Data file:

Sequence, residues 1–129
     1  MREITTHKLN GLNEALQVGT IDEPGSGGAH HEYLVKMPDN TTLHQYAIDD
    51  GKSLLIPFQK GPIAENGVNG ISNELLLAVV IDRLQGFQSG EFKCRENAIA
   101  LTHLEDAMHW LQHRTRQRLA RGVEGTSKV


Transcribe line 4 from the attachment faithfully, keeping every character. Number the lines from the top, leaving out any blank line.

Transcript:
   101  LTHLEDAMHW LQHRTRQRLA RGVEGTSKV